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New Executive Director Announced for SafetyDriven – TSCBC

SafetyDriven – TSCBC is pleased to announce Philip Choi as Executive Director of SafetyDriven – Trucking Safety Council of BC, effective June 3, 2019.

Philip Choi was most recently the Senior Manager for SafetyDriven. Philip has worked with the SafetyDriven team since 2014 to make the trucking, moving and storage, and related industries safer by making safety approachable.

Philip’s successes are a product of his strong client focus and business management skills. He is particularly proud of the foundational work he has completed for SafetyDriven, including the development and implementation of financial and operational tracking and reporting, restructuring the organization into clear business units, and developing and executing a marketing strategy that has proven successful in increasing brand awareness and engagement with employers of all sizes, including owner-operators.

Philip also provides strategic guidance to Road Safety at Work campaigns, Shift into Winter and ConeZone, and the BC Road Safety Strategy – Safe Vehicles committee.

Philip holds a Master of Business Administration from the University of Saskatchewan and a Bachelor of Science from the University of British Columbia.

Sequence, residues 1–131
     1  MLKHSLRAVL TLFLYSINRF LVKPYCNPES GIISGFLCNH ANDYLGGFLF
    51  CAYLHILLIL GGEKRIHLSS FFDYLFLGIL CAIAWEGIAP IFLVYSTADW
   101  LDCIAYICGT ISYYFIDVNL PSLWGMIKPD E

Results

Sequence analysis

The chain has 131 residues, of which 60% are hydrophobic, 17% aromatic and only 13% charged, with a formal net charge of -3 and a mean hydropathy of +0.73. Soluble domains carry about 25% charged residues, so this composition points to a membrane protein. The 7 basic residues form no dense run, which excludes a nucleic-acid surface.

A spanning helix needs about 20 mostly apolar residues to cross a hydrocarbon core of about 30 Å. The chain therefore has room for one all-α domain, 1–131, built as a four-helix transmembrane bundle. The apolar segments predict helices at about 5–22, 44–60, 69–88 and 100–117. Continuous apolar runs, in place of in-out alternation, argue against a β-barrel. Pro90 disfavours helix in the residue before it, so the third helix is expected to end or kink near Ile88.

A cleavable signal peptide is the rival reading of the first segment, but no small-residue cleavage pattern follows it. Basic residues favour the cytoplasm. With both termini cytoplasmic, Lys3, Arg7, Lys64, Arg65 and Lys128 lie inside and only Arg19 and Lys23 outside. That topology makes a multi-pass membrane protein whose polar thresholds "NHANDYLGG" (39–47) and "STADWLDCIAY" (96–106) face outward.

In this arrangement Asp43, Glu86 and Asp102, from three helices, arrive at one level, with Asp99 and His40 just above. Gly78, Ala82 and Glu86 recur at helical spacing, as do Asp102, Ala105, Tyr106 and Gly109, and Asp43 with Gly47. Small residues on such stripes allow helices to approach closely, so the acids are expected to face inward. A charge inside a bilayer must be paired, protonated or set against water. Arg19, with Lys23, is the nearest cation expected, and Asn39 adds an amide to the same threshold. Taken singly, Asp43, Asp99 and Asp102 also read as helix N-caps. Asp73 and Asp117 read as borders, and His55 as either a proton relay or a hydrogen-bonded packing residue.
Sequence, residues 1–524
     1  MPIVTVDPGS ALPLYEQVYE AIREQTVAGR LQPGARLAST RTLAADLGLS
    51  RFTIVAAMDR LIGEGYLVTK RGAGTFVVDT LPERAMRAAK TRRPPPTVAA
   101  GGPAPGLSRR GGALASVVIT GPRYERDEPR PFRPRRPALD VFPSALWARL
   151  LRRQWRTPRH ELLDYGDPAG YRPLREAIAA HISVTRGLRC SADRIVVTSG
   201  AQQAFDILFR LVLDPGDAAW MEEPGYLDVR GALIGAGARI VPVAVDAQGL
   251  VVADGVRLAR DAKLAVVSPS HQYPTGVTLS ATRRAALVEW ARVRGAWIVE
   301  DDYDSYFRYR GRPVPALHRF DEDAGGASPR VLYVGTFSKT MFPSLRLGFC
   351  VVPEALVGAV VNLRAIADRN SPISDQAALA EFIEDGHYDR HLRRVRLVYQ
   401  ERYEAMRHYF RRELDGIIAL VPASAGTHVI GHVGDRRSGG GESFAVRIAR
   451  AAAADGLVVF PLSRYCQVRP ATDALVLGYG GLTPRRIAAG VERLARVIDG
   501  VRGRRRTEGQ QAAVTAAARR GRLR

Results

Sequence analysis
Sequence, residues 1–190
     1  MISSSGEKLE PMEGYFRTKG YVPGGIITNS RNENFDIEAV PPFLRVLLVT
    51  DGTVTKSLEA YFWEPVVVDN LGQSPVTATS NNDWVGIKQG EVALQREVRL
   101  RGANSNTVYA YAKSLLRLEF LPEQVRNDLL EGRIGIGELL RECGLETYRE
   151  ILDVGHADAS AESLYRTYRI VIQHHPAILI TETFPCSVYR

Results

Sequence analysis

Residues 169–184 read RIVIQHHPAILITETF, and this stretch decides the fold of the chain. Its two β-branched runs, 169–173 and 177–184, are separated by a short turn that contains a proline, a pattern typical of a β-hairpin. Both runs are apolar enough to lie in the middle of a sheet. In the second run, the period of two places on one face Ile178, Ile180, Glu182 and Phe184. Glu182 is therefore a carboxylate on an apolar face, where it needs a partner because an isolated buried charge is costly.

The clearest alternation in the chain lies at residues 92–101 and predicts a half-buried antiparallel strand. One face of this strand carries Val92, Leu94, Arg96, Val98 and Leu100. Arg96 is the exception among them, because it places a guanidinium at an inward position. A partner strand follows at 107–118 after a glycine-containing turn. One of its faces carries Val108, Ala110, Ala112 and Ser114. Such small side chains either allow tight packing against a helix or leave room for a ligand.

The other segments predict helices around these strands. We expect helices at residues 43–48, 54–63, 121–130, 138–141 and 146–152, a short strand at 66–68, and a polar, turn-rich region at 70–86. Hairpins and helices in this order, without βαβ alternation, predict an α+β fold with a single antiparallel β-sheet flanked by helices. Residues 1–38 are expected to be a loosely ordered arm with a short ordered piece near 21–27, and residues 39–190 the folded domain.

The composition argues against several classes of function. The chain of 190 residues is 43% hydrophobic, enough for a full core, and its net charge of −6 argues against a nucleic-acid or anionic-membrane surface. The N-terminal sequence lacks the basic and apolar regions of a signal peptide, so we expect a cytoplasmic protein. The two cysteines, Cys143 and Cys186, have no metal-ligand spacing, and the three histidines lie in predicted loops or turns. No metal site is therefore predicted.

Philip Choi was appointed to his new position as Executive Director following an extensive search with guidance from SafetyDriven Chairperson Matthew May (Coast 2000 Terminals Ltd.), Vice-Chairperson Justin Cheverie (Alchemist Specialty Carriers Inc.) and BCTA President & CEO Dave Earle.

“Philip’s work has contributed significantly to our growth and success. I am looking forward to working with Philip in his new role as we build on the successes that Safety Driven has achieved” – D.Earle

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You’re Invited to SafetyDriven – TSCBC’s AGM and Open Board Meeting

click here for more informationSafetyDriven is holding their Annual General Meeting and Open Board Meeting on May 9, 2019. Members in good standing who operate within the classification unit’s 732019 (General Trucking) and 732030 (Moving & Storage) are welcome to attend.

Date: May 9, 2019
Where: Sandman Signature Hotel
8828 201 Street
Langley, BC

Registration: 8:30 am
AGM: 9:00 am
Open Board Meeting: 10:00 am

RSVP: info@safetydriven.ca

To ensure we have enough space for all attendees, you must pre-register to info@safetydriven.ca.

Please note more than one person from each company can attend however there is only one vote allowed per company.

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No Spring Fling

Source: www.trucknews.com

RICHMOND, B.C. — Many drivers may not think transitioning into spring driving is a big deal. After all, winter is when road conditions are at their worst, right?

But in many areas, particularly in B.C., spring weather can be temperamental, with ideal road conditions one moment and a whiteout the next.

Trina Pollard, manager of industry and labour services, transportation and occupational road safety for WorkSafeBC, said commercial drivers must be prepared to shift into winter again this spring.